8. No widow shall be compelled to marry, so long as she prefers to live without a husband; provided always that she gives security not to marry without our consent, if she holds of us, or without the consent of the lord of whom she holds, if she holds of another.

9. Neither we nor our bailiffs will seize any land or rent for any debt, as long as the chattels of the debtor are sufficient to repay the debt; nor shall the sureties of the debtor be distrained so long as the principal debtor is able to satisfy the debt; and if the principal debtor shall fail to pay the debt, having nothing wherewith to pay it, then the sureties shall answer for the debt; and let them have the lands and rents of the debtor, if they desire them, until they are indemnified for the debt which they have paid for him, unless the principal debtor can show proof that he is discharged thereof as against the said sureties.

10. If one who has borrowed from the Jews any sum, great or small, die before that loan be repaid, the debt shall not bear interest while the heir is under age, of whomsoever he may hold; and if the debt fall into our hands, we will not take anything except the principal sum contained in the bond.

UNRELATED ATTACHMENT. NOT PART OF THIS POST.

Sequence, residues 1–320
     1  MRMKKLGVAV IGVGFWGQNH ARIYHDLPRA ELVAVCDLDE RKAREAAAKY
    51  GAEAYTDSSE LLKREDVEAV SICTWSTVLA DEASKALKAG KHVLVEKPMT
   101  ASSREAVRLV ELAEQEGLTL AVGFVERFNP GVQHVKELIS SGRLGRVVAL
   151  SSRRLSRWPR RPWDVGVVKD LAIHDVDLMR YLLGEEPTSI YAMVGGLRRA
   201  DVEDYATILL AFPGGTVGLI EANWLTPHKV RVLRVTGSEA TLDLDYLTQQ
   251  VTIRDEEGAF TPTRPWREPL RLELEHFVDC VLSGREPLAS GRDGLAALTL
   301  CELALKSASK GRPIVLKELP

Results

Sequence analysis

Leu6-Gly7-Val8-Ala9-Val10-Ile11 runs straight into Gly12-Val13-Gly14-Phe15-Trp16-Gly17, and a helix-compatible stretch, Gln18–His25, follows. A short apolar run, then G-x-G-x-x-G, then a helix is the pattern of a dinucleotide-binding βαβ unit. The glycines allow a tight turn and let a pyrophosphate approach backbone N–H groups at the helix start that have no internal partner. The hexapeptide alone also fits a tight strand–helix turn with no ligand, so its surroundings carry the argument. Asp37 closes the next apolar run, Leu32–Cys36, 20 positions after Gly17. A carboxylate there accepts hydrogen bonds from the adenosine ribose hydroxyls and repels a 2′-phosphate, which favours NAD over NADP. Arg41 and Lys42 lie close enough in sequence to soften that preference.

There are the first ten...

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  • 3 months later...


The ABA’s celebration of the 800th anniversary of the Magna Carta peaks with a five-day program in London beginning Thursday featuring pomp, circumstance and continuing legal education programs.

The events culminate in a rededication of the ABA memorial to the Magna Carta at Runnymede, England, to be attended by Queen Elizabeth II on the 800th anniversary of the agreement on Monday. The ABA London Sessions will include speakers and 16 CLE programs, many of which will focus on the impact of the Magna Carta and its relevance on the rule of law today. Some of the other CLE programs will compare legal systems between the U.S. and the United Kingdom.